Rejected? How to Keep Submitting
Lately, I’ve been trying to help a lot of fellow writers find publishers, literary journals, and websites where they can share their work. The market is HUGE (hence the giant, capital letters), but for many, this is both a positive and a negative description of the industry. With so many options, how does someone know where to submit? And with so many opportunities, why do I keep getting rejected?
There are so many answers for this, and none of them are accurate. It’s all guesswork. I can’t tell someone why their manuscript was denied by so-and-so, and I can’t explain why someone else’s poetry made it into The Gettysburg Review over someone else. Only the judgers could, for certain, say why, but even then, it often comes down to their mood that day or their theme that month or how well it would fit in with the other work they already accepted. Again, guesswork.
That being said, this is when I see too many writers give up hope. They’ve submitted to 20 or so places and either received rejections or nothing at all, so they stop. Now, I want to take this moment to clarify that I’m talking about submitting to places today. I’m not discussing self-publishing. While I completely support (and often suggest) self-publishing, it isn’t for everyone, and many people do give up when submitting starts to overwhelm them, so this post is more for them – this post is for those writers who have specific journals they want to see their name in, to see a certain label on their work, to be among the voices of their favorite journal. That’s their goal and their decision, and I see nothing wrong with it. So, again, while I support self-publishing, this post is directed at writers who are submitting to places who might feel discouraged by the process. Below, I’m outlining a few steps to keep your pen up and your ink flowing while also submitting and submitting and submitting until that rejection pile becomes an acceptance pile.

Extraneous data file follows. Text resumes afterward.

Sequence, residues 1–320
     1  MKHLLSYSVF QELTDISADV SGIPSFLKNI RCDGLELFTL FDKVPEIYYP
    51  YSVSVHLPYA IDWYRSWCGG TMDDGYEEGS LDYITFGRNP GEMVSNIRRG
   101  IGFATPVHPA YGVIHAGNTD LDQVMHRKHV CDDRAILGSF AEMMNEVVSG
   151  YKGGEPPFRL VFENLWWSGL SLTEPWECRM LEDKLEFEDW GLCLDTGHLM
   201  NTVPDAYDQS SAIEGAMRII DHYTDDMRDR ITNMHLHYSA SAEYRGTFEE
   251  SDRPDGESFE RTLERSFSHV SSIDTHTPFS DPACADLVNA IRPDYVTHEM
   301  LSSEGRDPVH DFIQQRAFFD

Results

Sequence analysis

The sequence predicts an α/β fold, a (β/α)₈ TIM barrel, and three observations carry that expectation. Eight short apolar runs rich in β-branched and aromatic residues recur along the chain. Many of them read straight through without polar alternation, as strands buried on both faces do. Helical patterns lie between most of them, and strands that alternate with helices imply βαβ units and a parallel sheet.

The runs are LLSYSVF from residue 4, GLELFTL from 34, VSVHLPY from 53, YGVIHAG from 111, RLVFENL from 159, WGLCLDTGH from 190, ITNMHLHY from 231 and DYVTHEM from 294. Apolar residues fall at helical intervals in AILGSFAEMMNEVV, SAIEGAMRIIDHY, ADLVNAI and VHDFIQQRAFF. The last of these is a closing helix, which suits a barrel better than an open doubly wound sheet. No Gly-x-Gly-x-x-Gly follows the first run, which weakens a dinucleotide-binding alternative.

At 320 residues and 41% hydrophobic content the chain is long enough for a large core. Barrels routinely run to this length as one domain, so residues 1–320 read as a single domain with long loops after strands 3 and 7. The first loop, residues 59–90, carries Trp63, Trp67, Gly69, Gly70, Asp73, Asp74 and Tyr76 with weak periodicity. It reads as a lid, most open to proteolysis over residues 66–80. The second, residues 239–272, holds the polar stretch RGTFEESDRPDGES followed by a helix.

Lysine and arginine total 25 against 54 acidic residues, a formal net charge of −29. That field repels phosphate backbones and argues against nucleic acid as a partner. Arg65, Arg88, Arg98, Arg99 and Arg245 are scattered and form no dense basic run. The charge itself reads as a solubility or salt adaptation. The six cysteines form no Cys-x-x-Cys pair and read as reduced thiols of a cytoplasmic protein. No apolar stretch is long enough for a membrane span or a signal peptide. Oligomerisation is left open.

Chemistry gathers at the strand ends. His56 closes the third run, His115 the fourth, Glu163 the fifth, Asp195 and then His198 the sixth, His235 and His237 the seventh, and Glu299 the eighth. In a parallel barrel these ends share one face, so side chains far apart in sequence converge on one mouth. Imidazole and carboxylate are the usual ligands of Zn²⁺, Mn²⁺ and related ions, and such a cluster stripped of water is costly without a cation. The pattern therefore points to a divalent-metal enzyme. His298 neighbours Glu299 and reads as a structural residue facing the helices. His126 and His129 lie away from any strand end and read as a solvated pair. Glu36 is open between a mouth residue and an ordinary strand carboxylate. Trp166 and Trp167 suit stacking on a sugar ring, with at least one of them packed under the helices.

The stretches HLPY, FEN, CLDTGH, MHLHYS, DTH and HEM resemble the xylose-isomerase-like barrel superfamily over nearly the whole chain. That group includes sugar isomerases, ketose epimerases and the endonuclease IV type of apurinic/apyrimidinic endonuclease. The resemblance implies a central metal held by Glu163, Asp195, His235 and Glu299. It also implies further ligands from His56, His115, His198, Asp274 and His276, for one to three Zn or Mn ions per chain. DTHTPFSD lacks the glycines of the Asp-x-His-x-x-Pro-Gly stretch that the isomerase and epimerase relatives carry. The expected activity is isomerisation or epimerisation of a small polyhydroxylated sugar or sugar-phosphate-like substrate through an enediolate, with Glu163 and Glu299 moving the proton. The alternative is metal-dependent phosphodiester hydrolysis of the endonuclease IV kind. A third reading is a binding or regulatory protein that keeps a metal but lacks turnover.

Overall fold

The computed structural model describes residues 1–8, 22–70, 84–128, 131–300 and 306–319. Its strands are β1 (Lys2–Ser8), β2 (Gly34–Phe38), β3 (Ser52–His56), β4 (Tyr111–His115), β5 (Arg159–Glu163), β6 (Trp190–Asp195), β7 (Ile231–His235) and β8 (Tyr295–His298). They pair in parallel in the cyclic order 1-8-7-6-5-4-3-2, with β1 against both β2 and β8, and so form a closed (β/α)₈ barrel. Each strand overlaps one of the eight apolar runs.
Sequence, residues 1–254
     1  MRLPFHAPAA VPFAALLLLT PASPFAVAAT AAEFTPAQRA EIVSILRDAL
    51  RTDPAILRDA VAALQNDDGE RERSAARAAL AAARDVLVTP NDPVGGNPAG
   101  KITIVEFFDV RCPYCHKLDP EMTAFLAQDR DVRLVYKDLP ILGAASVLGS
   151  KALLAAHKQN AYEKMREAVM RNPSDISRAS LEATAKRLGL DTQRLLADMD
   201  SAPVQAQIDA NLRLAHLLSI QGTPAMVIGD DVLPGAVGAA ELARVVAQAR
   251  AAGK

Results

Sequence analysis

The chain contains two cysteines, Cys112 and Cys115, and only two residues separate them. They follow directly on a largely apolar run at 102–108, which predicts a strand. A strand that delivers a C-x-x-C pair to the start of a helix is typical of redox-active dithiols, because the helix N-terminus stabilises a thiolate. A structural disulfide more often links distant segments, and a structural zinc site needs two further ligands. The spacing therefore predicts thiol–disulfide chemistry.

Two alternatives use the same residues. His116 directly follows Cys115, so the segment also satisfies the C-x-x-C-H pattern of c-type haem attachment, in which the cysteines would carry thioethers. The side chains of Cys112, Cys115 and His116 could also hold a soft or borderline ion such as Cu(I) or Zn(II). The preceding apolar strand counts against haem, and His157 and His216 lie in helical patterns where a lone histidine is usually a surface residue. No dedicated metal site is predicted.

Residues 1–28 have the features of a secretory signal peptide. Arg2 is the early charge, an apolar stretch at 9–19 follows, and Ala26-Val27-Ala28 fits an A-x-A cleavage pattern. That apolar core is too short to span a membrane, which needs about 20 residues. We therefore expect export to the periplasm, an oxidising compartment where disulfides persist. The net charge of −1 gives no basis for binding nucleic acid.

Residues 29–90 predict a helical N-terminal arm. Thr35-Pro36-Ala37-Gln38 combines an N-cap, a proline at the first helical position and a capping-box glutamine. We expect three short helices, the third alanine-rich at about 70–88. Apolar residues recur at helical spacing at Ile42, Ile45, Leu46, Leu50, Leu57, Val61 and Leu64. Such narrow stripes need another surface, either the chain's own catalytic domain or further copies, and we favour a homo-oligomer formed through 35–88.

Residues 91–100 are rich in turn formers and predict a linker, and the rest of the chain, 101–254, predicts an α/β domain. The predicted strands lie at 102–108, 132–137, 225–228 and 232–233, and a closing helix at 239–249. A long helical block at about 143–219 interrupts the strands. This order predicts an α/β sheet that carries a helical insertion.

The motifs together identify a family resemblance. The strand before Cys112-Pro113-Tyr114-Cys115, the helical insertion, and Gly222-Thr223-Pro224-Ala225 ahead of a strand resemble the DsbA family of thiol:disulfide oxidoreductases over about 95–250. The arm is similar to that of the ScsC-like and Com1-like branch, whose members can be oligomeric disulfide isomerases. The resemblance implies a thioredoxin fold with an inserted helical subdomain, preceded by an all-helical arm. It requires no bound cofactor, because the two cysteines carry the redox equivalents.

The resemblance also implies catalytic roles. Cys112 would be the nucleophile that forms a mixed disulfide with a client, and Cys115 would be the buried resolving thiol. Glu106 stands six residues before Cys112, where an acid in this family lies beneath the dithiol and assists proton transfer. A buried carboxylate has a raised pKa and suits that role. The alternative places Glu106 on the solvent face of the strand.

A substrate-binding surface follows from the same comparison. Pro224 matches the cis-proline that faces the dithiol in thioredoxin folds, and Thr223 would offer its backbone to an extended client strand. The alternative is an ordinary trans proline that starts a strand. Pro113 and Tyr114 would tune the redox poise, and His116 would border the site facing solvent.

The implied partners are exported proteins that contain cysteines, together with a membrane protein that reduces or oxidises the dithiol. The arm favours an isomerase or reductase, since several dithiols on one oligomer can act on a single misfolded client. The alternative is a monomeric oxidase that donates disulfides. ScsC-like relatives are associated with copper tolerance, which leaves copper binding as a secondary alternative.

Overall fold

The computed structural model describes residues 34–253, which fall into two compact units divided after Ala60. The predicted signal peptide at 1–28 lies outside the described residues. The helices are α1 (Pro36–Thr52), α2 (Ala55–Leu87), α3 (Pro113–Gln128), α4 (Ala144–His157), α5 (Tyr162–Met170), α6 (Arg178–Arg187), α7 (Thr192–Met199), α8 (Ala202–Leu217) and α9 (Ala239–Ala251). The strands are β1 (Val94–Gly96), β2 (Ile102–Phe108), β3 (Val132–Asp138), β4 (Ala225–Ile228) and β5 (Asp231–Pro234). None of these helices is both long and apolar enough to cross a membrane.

Here are ways to keep submitting: (I’m going to use poems for the example)
Keep a Submission Journal
Set a goal for submitting a certain number of times during a specific timeframe. Ex. I will submit three poems to three journals every month. Now, here’s the tricky part – keep track of that goal. Write down what poems, what journals, and what dates you submitted. This will help remind you that you are currently submitting, and even if you get rejected, I guarantee you’ll already feel better because – chances are – you’ll already have other poems circulating for submission. Many journals, for instance, take months to get back to someone, so submitting different poems in different places will prevent you from getting that “I’m never submitting again” feeling because you’ll already have other submissions pending.
While I believe it’s okay to have a specific poem you definitely want to get published, try submitting other ones too, and definitely keep writing new ones. A story I like to tell everyone involves my poetry publications. When I started submitting them, it was almost always the poems I NEVER thought they’d pick that were chosen in the end. My “best” poems in my mind are not my “best” poems in someone else’s mind. Remember that one reader won’t like everything, so send out more than just one piece of work. Send out a variety. And then write some more. And keep writing.
One mistake I see many writers make is the lack of reading, especially of the journals and/or publishers they’re submitting to. I, myself, have made that mistake by accidentally submitting a controversial piece to a journal that no longer accepted controversy. Despite the fact that I kept reading the journal, I never noticed the theme change – so it’s important to read the journal and also take notes on the journal’s overall voice and goals. Sometimes writers think they can go around this by just reading the submission guidelines, but it isn’t rare to see “to get a feel for what we accept, read our latest edition….” at the top of submission pages. Even better, many literary journals offer a free copy for you to review, so read, and read a lot. You might even find a new writer you love.
Make a Mentor List